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Prematurely Lost Baby Teeth: Maintain the Space, Maintain the Look

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When you hear the word exfoliation, you probably think of skincare. Exfoliation also happens in dentistry, and it's the term that refers to the natural loss of a baby tooth when its root system is dissolved by the permanent adult tooth developing beneath it. What happens when the exfoliation process is disrupted by the premature loss of a baby tooth?

Ahead of Schedule

Baby teeth can be lost ahead of schedule, but this is generally due to an external influence. An accident that resulted in a blow to the jaw of sufficient strength could knock the baby tooth from its socket. Alternatively, it's possible for baby teeth to decay to the point that they're lost (or manually extracted by a dentist). It's perfectly natural for children to temporarily have a gap in their smile while an adult tooth is in the process of eruption — and yet you probably don't want your child to have a gap for an extended period of time, and neither does your child's dentist.

Reattachment Isn't an Option

Pediatric dental specialists know that there's little sense in reattaching a lost baby tooth. While this is possible with permanent adult teeth (provided the process is initiated promptly), reinserting a baby tooth back into its socket and splinting it into place will not be effective, and it poses a significant obstacle to the adult tooth that will emerge beneath it. 

Keeping the Space

Maintaining the space left by the prematurely lost baby tooth is the priority. When the dental socket is empty for an extended period of time, neighboring teeth can pivot into the gap. This creates a barrier that obstructs the growth of the adult tooth that will emerge from the socket. Unable to achieve the proper vertical alignment, this tooth will often grow at an improper angle, leading to a misalignment of your child's bite. A pediatric dentist can apply a space maintainer over the dental socket (a small metal band that acts as a placeholder for the adult tooth); however, this still leaves a gap in your child's smile, which might remain for a prolonged period of time.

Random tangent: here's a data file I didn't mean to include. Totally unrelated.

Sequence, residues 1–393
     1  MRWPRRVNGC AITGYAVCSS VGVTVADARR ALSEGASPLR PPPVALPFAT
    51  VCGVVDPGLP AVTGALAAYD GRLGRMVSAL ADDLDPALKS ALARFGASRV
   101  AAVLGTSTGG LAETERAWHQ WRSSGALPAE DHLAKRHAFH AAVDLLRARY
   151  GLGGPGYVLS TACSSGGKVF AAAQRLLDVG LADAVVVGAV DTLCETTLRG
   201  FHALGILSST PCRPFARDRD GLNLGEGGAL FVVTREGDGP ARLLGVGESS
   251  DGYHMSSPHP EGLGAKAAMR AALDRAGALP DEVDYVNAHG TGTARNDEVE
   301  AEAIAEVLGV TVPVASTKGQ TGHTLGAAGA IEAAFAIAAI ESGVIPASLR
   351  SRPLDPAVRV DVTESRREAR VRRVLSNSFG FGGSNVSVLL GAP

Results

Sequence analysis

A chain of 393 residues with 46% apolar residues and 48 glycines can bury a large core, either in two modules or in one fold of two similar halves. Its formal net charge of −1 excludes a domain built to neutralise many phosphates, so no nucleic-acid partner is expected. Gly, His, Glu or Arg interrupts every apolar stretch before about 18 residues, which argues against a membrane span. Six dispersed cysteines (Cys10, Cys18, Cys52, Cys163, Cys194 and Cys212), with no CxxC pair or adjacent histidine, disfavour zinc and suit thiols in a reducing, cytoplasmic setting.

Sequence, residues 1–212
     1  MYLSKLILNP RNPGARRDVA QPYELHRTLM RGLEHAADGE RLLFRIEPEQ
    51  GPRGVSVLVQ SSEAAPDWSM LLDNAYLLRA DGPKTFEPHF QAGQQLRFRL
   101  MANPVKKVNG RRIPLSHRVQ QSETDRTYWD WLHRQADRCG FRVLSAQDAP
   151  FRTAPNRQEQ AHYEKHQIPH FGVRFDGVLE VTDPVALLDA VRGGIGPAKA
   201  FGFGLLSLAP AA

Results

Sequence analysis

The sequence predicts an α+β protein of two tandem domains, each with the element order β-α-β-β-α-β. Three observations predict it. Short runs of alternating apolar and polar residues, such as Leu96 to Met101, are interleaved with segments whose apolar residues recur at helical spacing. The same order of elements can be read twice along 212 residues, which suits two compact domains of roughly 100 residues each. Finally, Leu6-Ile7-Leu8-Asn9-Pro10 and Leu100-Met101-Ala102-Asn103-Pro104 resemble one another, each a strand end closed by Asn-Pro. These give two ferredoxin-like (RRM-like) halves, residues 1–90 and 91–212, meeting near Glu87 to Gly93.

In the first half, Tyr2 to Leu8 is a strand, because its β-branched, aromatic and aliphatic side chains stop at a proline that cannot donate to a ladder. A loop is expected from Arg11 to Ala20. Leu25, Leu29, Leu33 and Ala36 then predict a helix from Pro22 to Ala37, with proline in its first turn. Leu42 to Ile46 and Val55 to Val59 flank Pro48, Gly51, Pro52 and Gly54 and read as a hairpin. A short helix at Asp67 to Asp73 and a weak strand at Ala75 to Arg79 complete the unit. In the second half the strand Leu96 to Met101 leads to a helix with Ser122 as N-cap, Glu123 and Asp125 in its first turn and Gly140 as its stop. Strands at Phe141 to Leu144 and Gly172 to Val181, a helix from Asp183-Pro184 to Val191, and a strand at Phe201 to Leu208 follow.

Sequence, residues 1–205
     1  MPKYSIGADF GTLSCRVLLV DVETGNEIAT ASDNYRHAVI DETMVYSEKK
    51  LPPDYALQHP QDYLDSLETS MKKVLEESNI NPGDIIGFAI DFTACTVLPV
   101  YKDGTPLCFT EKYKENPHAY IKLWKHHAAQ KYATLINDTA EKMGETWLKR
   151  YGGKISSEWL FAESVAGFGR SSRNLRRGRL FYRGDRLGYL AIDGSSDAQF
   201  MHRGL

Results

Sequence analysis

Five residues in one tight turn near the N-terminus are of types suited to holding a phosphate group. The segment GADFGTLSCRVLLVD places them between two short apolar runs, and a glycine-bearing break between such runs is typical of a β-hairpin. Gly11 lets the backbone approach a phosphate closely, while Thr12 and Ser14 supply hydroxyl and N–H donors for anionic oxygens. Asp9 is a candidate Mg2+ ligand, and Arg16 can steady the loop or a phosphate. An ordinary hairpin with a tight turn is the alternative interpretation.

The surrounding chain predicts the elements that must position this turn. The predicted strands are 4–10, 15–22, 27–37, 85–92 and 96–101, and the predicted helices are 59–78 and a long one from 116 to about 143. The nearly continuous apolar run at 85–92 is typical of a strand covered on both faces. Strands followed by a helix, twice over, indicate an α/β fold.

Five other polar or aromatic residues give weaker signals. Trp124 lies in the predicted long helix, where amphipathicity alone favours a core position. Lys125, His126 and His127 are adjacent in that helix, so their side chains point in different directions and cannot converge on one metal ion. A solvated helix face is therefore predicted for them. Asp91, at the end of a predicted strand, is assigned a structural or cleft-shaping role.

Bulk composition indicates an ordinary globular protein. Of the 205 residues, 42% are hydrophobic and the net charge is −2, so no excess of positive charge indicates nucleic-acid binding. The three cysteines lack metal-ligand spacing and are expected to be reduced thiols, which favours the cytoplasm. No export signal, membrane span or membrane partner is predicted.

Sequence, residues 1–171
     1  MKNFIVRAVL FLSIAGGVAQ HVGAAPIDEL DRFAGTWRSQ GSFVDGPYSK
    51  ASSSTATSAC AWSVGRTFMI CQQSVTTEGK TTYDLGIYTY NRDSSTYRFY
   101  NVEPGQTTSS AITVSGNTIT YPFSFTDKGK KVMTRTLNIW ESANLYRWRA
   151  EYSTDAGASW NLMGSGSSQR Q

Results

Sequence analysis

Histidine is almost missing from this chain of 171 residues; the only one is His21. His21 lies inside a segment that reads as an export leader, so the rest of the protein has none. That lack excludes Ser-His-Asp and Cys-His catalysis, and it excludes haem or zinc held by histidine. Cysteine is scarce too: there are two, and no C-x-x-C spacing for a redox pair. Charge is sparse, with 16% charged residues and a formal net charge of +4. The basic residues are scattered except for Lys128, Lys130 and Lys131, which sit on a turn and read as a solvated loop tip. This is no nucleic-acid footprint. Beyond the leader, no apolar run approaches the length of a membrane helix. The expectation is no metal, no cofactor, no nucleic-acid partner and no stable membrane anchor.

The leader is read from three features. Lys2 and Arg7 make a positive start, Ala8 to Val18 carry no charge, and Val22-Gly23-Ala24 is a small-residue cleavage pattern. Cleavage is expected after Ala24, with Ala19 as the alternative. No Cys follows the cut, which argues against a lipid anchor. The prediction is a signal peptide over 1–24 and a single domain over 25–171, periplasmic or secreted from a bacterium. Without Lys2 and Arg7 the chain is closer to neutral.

A Cosmetic Option

Dentures aren't just for adults who have lost permanent teeth. Pediatric partial dentures are able to act as a space maintainer while also providing a cosmetic solution for the absent tooth. These types of dentures are made of acrylic, allowing them to be cost-effective and easy to manufacture. This becomes important when you realize that your child may need several sets of dentures while their jaw grows before the adult tooth has emerged. 

When a baby tooth departs ahead of schedule, it becomes crucial to have a placeholder in that empty dental socket. Pediatric partial dentures can achieve this while also concealing the fact that the tooth is missing.

If your child has lost a tooth, talk to a pediatric dental specialist for help.